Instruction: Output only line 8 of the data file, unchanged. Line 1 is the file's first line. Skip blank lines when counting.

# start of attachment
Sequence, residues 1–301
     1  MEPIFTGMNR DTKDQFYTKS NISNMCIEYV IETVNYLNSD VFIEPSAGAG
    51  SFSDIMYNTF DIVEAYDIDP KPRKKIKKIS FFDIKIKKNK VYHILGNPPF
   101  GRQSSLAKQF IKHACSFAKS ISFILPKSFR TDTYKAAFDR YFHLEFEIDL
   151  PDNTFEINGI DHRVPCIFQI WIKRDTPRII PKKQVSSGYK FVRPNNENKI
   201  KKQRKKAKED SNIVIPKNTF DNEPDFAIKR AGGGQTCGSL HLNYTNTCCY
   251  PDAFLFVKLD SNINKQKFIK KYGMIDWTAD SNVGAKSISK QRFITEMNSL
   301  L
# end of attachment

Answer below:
   301  L